In February 2016, the Appalachian Voice publication turned 20 years old. Help us celebrate!
The first issue of The Appalachian Voice was published in the early months of 1996, initially a product of the Sierra Club’s Southern Appalachian Highlands Ecoregion Task Force. Started by Harvard Ayers, who headed the task force and acted as publisher, and Nathaniel “Than” H. Axtell, an experienced journalist who served as editor for eight years, the publication was immediately supported by a stable of freelancers and friends spread across the region from West Virginia to Georgia.
“It was just the two of us, me and Than,” Ayers says. “We would make long trips from Boone all the way up to Front Royal, Va., delivering papers. We would drop them off all along [Interstate 81] in many places, and then drive down south to Asheville. It was a lot of fun.”
Along with their editorial board, the pair devised a storyboard that not only celebrated the biodiversity and culture of Appalachia, but also shed light on injustices affecting the environment and people of the region — topics generally avoided in mainstream local media at the time, and still underrepresented today.
“I have to give Than the credit,” Ayers continues. “He really put in [massive amounts] of time to making it happen. He is the reason the paper is here today.”
In the first year, the publication established the model we use to this day — relying on science and facts to tackle difficult and often contentious subjects such as chip mills, controversial road projects, water and air pollution, acid rain, logging and mountaintop removal coal mining, an environmental issue that grew into a national advocacy movement in the early 2000s.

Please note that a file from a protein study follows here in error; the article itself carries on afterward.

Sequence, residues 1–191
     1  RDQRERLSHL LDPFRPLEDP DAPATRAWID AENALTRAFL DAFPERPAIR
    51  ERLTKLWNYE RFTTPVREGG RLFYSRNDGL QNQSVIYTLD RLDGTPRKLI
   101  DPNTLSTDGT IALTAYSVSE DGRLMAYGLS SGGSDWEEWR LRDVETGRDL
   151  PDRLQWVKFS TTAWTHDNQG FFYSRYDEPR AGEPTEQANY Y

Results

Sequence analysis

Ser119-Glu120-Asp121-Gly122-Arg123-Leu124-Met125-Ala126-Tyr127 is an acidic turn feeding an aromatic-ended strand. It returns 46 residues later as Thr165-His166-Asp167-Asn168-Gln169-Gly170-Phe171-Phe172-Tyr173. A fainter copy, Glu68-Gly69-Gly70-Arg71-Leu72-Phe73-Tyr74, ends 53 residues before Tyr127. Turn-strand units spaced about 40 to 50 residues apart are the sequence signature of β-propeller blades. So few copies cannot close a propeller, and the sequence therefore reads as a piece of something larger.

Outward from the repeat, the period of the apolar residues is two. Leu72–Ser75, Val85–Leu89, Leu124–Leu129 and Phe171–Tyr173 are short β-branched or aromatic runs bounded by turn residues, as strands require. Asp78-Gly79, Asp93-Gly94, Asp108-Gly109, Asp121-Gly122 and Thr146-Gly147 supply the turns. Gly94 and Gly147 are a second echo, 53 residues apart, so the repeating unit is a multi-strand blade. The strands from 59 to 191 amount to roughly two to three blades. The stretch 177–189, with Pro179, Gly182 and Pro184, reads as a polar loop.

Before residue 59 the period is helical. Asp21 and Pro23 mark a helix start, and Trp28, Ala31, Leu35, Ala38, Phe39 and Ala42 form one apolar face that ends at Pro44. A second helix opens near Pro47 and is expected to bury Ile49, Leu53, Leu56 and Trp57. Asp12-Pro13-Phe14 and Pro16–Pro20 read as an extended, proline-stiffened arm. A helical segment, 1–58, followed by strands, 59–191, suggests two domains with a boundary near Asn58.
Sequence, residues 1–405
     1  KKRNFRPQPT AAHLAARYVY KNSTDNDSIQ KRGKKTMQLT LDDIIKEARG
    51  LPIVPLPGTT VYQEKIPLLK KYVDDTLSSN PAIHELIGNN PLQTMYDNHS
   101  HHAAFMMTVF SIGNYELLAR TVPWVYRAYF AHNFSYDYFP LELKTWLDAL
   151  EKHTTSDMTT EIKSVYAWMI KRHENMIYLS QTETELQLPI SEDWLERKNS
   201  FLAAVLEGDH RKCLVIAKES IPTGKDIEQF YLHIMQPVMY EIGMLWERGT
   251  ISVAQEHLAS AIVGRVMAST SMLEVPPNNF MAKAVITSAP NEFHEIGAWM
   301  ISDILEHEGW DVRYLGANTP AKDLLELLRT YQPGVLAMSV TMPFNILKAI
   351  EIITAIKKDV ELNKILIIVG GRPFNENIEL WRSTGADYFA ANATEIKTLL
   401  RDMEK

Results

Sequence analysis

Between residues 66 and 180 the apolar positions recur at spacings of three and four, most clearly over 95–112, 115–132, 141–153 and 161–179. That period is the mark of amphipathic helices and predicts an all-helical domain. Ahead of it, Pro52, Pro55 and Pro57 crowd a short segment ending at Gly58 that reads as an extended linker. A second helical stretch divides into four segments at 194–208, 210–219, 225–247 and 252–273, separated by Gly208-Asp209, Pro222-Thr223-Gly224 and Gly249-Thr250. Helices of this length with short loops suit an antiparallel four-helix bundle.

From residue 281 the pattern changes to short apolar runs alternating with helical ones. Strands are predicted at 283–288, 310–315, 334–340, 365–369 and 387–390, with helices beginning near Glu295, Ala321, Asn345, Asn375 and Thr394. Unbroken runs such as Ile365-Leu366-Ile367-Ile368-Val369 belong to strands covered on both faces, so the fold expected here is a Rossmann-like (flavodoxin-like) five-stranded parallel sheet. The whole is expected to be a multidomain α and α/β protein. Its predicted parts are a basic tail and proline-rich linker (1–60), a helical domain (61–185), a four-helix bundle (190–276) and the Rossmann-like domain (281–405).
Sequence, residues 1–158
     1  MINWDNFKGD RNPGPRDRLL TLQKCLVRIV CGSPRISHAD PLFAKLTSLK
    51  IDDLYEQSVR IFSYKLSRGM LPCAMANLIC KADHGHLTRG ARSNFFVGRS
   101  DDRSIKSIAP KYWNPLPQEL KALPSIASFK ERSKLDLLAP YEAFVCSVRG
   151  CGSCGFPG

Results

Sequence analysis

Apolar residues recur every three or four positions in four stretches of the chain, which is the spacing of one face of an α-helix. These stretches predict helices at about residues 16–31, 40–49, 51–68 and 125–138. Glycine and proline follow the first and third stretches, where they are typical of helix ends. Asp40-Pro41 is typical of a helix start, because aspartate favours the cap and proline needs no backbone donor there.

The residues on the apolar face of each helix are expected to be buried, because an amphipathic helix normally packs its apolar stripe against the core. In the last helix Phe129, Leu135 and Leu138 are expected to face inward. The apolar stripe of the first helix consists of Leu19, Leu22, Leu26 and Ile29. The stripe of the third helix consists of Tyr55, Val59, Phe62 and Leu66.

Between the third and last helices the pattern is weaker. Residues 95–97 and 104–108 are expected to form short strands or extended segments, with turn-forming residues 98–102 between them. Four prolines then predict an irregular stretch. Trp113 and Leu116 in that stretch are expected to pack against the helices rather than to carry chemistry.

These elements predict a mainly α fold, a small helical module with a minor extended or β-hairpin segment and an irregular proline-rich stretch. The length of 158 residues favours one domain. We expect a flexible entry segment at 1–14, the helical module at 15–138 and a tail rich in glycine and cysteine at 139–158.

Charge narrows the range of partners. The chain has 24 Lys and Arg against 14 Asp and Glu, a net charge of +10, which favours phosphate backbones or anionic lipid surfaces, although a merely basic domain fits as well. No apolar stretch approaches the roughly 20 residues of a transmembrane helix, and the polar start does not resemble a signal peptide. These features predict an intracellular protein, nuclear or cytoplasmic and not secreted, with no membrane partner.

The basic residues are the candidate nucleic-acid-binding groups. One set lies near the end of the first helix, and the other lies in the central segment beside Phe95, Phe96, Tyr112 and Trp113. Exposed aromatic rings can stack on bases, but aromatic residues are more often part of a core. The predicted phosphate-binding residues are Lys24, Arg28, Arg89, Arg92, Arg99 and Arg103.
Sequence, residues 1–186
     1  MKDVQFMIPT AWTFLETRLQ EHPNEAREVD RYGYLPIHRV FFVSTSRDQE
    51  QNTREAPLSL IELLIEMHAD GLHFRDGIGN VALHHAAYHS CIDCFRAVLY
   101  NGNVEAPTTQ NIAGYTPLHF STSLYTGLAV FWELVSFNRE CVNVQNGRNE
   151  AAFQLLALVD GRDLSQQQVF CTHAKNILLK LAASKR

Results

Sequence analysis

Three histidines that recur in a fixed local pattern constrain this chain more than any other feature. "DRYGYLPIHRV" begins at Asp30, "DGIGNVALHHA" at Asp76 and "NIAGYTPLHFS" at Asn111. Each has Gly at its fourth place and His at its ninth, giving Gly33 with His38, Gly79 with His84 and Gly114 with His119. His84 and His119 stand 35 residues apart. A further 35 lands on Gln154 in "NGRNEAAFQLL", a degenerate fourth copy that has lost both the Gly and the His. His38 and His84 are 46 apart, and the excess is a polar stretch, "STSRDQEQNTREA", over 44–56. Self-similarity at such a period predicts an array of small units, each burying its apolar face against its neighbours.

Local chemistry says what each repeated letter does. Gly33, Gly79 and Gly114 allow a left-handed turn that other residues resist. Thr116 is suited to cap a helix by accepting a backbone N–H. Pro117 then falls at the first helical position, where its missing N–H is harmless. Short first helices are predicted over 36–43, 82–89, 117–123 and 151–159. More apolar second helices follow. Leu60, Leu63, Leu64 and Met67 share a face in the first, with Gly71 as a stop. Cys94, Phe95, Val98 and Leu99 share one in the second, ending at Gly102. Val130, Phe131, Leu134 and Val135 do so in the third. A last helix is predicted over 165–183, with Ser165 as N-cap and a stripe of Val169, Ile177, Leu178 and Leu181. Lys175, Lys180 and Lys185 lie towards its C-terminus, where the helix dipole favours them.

“Our goal was in being able to get the word out, and to establish a pride in the Appalachian area,” Ayers says.
During the first year of publishing, members of the Voice’s editorial board began to recognize a need for an advocacy organization that could focus exclusively on local issues related to Appalachia. Out of a series of brainstorm sessions, the organization Appalachian Voices was born, receiving its official nonprofit charter in July of 1997.
Originally starting with just two staff members in a small office in Boone, N.C., today Appalachian Voices has offices in North Carolina, Virginia and Tennessee and employs 25 full-time staff working on eight campaigns related to energy and the environment. The team utilizes legislation, community organizing and litigation to address the negative impacts of mining and burning coal for electricity, and to promote renewable energy, energy efficiency and new economic opportunities for communities struggling from the decline of coal.
The organization continues to maintain The Appalachian Voice as a cornerstone of its communications outreach, distributing over 62,000 papers in a nine-state region and publishing online at appalachianvoices.org/thevoice. Though some of the environmental problems in the region have changed, the mission of The Voice remains the same — to bring to light the vital and often unheard stories of Appalachia’s land and people.
Since The Voice’s inception, five editors including myself have managed the helm, putting in long hours and late nights to edit freelancers, fact-check stories, and search for the perfect photograph for the cover, all while dreaming up ideas for the next issue. Since 2013, our Managing Editor Molly Moore has taken on the daily aspects of running the publication, ensuring that each issue makes it to the printer and on to our readers. It’s a labor of love all the way around, and each of us have enjoyed every minute of it, in our own way.
Throughout it all, we have been assisted by hundreds (if not thousands!) of writers, photographers, proofreaders, volunteers, distributors and friends — more than we could ever hope to repay — who have helped make each issue possible. Not to mention the donors, subscribers and advertisers who help us keep The Voice free.
To celebrate our 20th anniversary, in each issue throughout the year we will include small glimpses into the past, to stir memories and inspire the future.
Thank you for reading. Here’s to another 20.
Editor, The Appalachian Voice